GREENWICH — Members of the Board of Education this month resurrected complaints about maintenance of school fields and field rental policies.
But when board members called for an updated agreement between the school district and town departments on upkeep and use of school fields, they thought they were talking about a 20-year-old arrangement. Turns out, the schools and Parks Department reached a new one two years ago, Interim Superintendent Ralph Mayo told board members recently.
“I don’t believe this board ever, or any board ever, saw this document,” Mayo said, distributing an agreement given to him by Director of Parks and Recreation Joe Siciliano.
The document was signed by Siciliano, Benjamin Branyan, the town administrator, Amy Siebert, the commissioner of public works, and James Hricay, former managing director of operations for Greenwich Public Schools who now works for the school district in Pelham, New York.
“We have an agreement in front of us that was never voted on by the board,” school board Chair Peter Bernstein said. “We need a refresh and an update.”
That could change upkeep and improvement procedures as the departments determine, for example, when and how the swampy Central Middle School fields should be updated, and who would bear responsibility for doing so.
Under the current agreement, whether two or 20 years old, Parks and Recreation maintains all fields on school properties. Students use them during the day and Greenwich Public Schools get priority for use of the fields after school. When they are available, the Parks Department rents the fields at Cos Cob School and Greenwich High School to town nonprofits and local recreation leagues for community sports. It also maintains playgrounds and buildings.
The school board used to have its own grounds maintenance staff, but in 1998, the Board of Estimate and Taxation recommended that the BOE consolidate its personnel with those of the departments of Parks and Recreation and Public Works.
At the time, Parks and Recreation lost 23 positions, including eight park gardeners and a tree trimmer, according to officials. But the number of people Parks and Recreation cut equals the number that the school board shifted to the department for maintenance of school board properties, Bernstein said.
When school board members first complained about the state of fields in November, Siciliano told them demand from sports groups to use the town’s fields had doubled in the past two decades. The director told Mayo 28,000 hours of permits were issued for the fields last year.
Maintenance of these fields does not match the volume of use, board members said.
If the fields are not usable when they are returned to the school district, the school board should not let Parks and Recreation use the fields, Bernstein said last week.
Board member Gaetane Francis said the agreement should allow for the school board to switch vendors or withhold payment if maintenance does not meet the board’s standards.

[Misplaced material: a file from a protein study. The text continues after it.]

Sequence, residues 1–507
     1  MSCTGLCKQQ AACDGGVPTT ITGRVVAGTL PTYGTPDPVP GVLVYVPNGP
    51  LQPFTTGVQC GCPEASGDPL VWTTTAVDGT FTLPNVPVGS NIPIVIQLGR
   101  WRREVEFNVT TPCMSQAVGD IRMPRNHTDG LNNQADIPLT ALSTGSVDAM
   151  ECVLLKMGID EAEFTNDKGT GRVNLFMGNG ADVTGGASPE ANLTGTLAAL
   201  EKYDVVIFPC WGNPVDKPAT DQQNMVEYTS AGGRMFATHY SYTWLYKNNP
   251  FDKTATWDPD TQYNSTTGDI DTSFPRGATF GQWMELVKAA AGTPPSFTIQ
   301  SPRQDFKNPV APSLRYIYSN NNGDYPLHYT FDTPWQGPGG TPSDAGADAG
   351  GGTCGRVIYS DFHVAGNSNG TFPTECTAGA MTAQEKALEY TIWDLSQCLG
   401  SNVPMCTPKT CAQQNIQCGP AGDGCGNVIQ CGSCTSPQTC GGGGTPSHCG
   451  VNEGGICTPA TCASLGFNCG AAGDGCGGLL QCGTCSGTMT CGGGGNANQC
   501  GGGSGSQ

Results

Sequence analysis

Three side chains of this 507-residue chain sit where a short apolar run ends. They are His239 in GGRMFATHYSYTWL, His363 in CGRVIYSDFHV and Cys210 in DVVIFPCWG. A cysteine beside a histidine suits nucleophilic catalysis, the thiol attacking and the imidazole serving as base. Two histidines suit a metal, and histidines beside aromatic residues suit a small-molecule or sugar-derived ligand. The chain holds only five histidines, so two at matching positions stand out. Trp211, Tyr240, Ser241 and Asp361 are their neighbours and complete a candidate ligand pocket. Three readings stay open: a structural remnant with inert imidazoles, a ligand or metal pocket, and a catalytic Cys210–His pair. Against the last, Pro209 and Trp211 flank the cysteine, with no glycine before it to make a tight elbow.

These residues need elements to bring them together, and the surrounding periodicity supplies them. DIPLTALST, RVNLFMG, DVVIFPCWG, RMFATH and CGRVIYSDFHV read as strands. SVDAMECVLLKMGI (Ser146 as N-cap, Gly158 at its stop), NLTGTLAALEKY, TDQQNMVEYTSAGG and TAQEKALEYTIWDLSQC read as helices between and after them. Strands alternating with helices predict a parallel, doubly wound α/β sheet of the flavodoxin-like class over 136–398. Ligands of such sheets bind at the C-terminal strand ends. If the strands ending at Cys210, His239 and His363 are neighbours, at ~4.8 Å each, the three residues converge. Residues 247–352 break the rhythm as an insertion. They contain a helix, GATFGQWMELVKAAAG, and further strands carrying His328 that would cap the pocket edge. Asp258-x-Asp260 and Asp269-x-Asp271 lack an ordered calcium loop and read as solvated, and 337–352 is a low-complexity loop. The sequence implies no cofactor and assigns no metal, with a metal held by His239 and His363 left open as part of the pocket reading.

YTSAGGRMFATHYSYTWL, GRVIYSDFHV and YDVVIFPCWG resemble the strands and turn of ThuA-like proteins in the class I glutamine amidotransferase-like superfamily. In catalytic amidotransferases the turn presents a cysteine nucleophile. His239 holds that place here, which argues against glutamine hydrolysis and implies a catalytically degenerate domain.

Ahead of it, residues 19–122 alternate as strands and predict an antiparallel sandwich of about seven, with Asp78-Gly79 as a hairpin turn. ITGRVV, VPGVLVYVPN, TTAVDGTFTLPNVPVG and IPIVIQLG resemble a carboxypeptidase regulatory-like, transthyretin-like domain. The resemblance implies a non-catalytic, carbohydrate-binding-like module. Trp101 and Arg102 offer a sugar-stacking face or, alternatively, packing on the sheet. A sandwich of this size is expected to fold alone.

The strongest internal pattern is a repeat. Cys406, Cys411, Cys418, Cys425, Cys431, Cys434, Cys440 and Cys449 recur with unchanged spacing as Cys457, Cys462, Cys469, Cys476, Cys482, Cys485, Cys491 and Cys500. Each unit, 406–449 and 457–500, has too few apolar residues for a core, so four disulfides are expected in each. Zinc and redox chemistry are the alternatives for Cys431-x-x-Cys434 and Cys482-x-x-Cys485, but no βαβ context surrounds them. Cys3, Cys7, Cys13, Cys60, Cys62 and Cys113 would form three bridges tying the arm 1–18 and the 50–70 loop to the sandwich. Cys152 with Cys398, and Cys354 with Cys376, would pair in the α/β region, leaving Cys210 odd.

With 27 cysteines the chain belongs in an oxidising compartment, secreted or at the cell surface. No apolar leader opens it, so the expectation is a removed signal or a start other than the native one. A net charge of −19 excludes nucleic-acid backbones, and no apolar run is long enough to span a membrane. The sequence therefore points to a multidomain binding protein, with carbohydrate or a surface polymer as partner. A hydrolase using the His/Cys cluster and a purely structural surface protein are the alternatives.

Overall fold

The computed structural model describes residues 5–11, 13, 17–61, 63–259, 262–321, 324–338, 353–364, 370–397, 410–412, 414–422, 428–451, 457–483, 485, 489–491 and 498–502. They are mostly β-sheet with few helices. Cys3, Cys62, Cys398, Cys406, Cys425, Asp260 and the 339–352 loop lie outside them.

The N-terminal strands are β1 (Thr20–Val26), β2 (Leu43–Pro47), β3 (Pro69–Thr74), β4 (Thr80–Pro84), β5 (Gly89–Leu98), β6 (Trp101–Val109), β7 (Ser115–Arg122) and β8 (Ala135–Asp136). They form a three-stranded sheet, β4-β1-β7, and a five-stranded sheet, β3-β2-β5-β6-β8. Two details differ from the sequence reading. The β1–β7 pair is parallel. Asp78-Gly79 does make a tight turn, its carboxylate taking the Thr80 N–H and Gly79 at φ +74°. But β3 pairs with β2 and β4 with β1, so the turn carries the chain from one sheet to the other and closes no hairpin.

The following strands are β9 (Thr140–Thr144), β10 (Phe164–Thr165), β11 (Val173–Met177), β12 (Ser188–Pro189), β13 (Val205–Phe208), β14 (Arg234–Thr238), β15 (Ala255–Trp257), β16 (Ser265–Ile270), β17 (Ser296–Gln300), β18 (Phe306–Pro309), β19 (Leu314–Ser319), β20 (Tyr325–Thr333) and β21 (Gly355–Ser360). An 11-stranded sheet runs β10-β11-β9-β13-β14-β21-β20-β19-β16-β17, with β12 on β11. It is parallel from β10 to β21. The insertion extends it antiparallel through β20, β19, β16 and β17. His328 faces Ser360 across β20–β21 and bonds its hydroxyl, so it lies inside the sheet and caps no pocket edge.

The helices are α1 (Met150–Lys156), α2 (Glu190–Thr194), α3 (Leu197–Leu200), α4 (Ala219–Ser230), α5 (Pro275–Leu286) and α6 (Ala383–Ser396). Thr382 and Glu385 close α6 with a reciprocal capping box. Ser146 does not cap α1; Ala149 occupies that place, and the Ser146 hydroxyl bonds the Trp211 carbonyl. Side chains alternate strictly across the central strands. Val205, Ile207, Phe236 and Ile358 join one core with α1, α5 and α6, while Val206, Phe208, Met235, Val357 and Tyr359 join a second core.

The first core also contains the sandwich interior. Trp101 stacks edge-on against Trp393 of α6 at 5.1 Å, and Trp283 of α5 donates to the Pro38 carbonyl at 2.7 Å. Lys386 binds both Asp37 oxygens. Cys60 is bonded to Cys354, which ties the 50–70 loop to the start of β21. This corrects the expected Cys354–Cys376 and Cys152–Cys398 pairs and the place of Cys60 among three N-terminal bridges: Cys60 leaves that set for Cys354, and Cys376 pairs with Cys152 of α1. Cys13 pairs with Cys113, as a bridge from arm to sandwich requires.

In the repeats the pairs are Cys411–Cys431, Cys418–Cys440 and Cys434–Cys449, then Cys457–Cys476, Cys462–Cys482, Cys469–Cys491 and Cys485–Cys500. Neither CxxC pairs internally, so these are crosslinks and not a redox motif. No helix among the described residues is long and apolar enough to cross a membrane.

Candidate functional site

“How is it that we as the Board of Education can impress upon them or have some consequence if they’re not being well maintained?” she said. “That’s to me where the issue is.”
Siciliano could not be reached this week.
This debate extends back a few years, board member Peter Sherr said. Parks and Recreation added new turf at Western Middle School to the capital budget and spent money on preliminary engineering at Central Middle School, but refused to share that information with the school board, he said.
“This agreement needs to be updated,” he said. “It’s amazing to me this agreement exists and there are no measurements whatsoever that the other party is responsible to perform for the Board of Education in that agreement.”
The school board is not arguing to take back responsibility for maintaining the fields. Improvements to the fields at Central Middle School, which do not drain properly after rain storms and become unplayable, should come from the Parks and Recreation budget, as per the agreement, Bernstein said.
But the school board should have some control over how the fields are used and cared for, members said. The school board needs a list of school fields and tennis courts, including their maintenance schedules, as well as a record of income per field, board Secretary Barbara O’Neill said.
Members of the Parks Committee will rent out fields without any consideration for what might be going in a school building at that time or traffic issues, she said.
The Parks and Recreation Department sets fess, but O’Neill said she does not know how they set those fees without school board consultation.
“I understand they don’t get any money — it goes to the town — but if you’re providing ‘X’ number of dollars to the town, you have some basis for saying we need ‘X’ number of dollars for the field,” she said.
In the meantime, Bernstein told school officials to make sure staff keep putting in (maintenance) tickets about the conditions of the field.
“Do it. Constantly do it,” Bernstein said, “because if they don’t show up to do the work, it basically proves (our) point.”